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Devolution: We need a full overhaul

04 Jun 2024 5 minute read
The Senedd and Pierhead Building, image by Sarah Morgan Jones

Mike HedgesMS for Swansea East

As we pass the twenty fifth anniversary of devolution to Wales and Scotland – what has happened and is happening elsewhere.

From June 1921 until March 1972, Northern Ireland had the devolved Parliament of Northern Ireland established by the Government of Ireland Act 1920 and it met from 1932 at Stormont.

It was suspended by the UK Government in 1972 and formally abolished in 1973.

Northern Ireland was subsequently administered by direct rule until 1999, with a brief gap in 1974.  The Northern Ireland (Elections) Act 1998 formally established the Assembly in law under the name New Northern Ireland Assembly.

In December 1999 full powers were devolved to the Assembly. Since then, the Assembly has been suspended on six occasions and only recently started meeting again.

The Scotland Act 1998 which was amended in 2012 and 2016 sets out matters on which the Scottish Parliament cannot legislate, known as general and specific reservations.

The general reservations are: aspects of the constitution, international the UK Parliament, the existence of the (criminal) High Court of Justiciary and the existence of the (civil) Court of Session; the registration and funding of political parties; international relations, including with territories outside the UK and the European Union, international development and the regulation of international trade; the Home Civil Service; defence and treason. Specific reservations cover particular areas of social and economic policy reserved to Westminster.

Stamp duty

Local council tax and business rates have been devolved to Scotland since 1999. In principle, Scotland could completely redesign these taxes, but this has not happened. Landfill tax and stamp duty were fully devolved by the Scotland Act 2012.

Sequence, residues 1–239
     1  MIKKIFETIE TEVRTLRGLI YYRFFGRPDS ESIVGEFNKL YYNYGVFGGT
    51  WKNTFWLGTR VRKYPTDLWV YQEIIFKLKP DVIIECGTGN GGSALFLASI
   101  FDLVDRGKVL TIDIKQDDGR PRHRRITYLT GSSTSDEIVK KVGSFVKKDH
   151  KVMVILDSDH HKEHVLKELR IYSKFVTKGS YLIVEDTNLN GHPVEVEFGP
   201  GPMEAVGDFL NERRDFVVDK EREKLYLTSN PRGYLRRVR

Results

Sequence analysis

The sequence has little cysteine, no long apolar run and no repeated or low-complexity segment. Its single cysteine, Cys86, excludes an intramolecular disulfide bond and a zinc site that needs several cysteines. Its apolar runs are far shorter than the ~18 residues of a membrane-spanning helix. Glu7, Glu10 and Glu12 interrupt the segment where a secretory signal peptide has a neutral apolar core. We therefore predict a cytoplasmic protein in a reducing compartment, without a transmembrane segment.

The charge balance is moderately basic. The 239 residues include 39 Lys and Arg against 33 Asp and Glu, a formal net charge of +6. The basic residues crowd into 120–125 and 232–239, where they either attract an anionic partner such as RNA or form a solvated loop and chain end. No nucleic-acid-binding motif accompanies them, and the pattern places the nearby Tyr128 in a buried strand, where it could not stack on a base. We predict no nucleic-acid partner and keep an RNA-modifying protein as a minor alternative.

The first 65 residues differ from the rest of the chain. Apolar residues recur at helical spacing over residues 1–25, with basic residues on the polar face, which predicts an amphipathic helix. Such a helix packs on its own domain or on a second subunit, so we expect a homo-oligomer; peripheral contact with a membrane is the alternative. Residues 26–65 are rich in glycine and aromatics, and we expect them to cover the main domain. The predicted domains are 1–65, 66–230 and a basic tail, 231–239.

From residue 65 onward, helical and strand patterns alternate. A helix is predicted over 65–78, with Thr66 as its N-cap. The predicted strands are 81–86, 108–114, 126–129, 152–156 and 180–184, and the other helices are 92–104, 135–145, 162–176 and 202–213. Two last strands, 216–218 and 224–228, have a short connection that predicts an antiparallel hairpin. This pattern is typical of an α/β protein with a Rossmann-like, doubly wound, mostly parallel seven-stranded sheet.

With Land and buildings transaction tax replacing stamp duty the power to set all income tax rates and bands above the personal allowance was devolved in 2016.

The Scottish parliament previously had limited powers to vary income tax rates, but these were never used.

Devolution to Wales and Scotland has been enhanced since 1999. The original devolution settlement in Wales under the Government of Wales Act 1998 did not provide the National Assembly for Wales with primary law-making powers, and therefore most policy areas remained under Westminster control.

The Government of Wales Act 2006 granted the ability to pass primary laws in twenty defined areas. In 2014, the Silk Commission argued that the National Assembly should move to a reserved powers model, a view endorsed by the UK Government the following year following Scotland in dividing reservations into general and specific areas.

Partial devolution

The Wales Act 2014 legislated to devolve tax powers to Wales and it enabled the Welsh Government to legislate in respect of areas to which Stamp Duty Land Tax and Landfill Tax previously applied.

These UK taxes were replaced by Land Transaction Tax and Landfill Disposals Tax, respectively. The Act also legislated for the partial devolution of income tax to Wales which was replaced by the Welsh Rates of Income tax. Non-domestic rates have been fully devolved to Wales since 1 April 2015.

In England regional Development Agencies and “Regional Chambers” were established by the Labour Government in 1999. In 2003, the Government announced that referendums would occur in three English regions: The Northeast, Yorkshire and the Humber and the Northwest.

Each were planned to take place on 4 November 2004, but only the one in the Northeast took place. The result, on an all-postal ballot, was an almost four-to-one vote against a directly elected assembly.

Devolution in England has progressed at a much slower pace than in Scotland, Wales, and Northern Ireland. Only Greater London was included in the reforms of the late 1990s, while, we have seen the devolving power to clusters of local authorities and the election of “metro mayors”.

In 2014 it was announced that a Mayor of Greater Manchester would be created as leader of the Greater Manchester Combined Authority. In 2017 elections were held for Greater Manchester, the Liverpool City Region, the Tees Valley, West of England and the West Midlands as part of the devolution deals.

By 2024 there were 10 regional Mayors in England which was extended by three more in 2024 and in 2025 a further four will be added.

Most metro-mayors have powers over aspects of transport; some local skills provision, including the Adult Education Budget; acquiring and regenerating land; providing support to businesses; and remediating brownfield housing.

The mayor of Greater Manchester also has powers over waste disposal and the fire service.

Some mayors have some control over a ‘key route network’ of major roads and tram services, but not over railway stations, the Strategic Roads Network, or taxi licensing.

In Greater Manchester, West Yorkshire and Greater London, the mayor is also the Police and Crime Commissioner.